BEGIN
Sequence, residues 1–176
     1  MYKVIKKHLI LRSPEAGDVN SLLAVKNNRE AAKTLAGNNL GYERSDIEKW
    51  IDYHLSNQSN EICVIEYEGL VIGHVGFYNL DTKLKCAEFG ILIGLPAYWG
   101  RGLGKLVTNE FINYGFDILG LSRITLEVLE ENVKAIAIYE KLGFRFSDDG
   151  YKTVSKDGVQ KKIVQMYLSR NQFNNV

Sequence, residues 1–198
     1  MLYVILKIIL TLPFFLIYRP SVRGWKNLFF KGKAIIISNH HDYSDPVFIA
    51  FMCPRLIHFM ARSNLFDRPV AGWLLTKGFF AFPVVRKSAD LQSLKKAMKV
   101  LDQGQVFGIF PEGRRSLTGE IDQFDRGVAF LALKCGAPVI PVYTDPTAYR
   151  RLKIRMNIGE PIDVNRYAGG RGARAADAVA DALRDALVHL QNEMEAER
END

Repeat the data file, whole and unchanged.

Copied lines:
Sequence, residues 1–176
     1  MYKVIKKHLI LRSPEAGDVN SLLAVKNNRE AAKTLAGNNL GYERSDIEKW
    51  IDYHLSNQSN EICVIEYEGL VIGHVGFYNL DTKLKCAEFG ILIGLPAYWG
   101  RGLGKLVTNE FINYGFDILG LSRITLEVLE ENVKAIAIYE KLGFRFSDDG
   151  YKTVSKDGVQ KKIVQMYLSR NQFNNV

Sequence, residues 1–198
     1  MLYVILKIIL TLPFFLIYRP SVRGWKNLFF KGKAIIISNH HDYSDPVFIA
    51  FMCPRLIHFM ARSNLFDRPV AGWLLTKGFF AFPVVRKSAD LQSLKKAMKV
   101  LDQGQVFGIF PEGRRSLTGE IDQFDRGVAF LALKCGAPVI PVYTDPTAYR
   151  RLKIRMNIGE PIDVNRYAGG RGARAADAVA DALRDALVHL QNEMEAER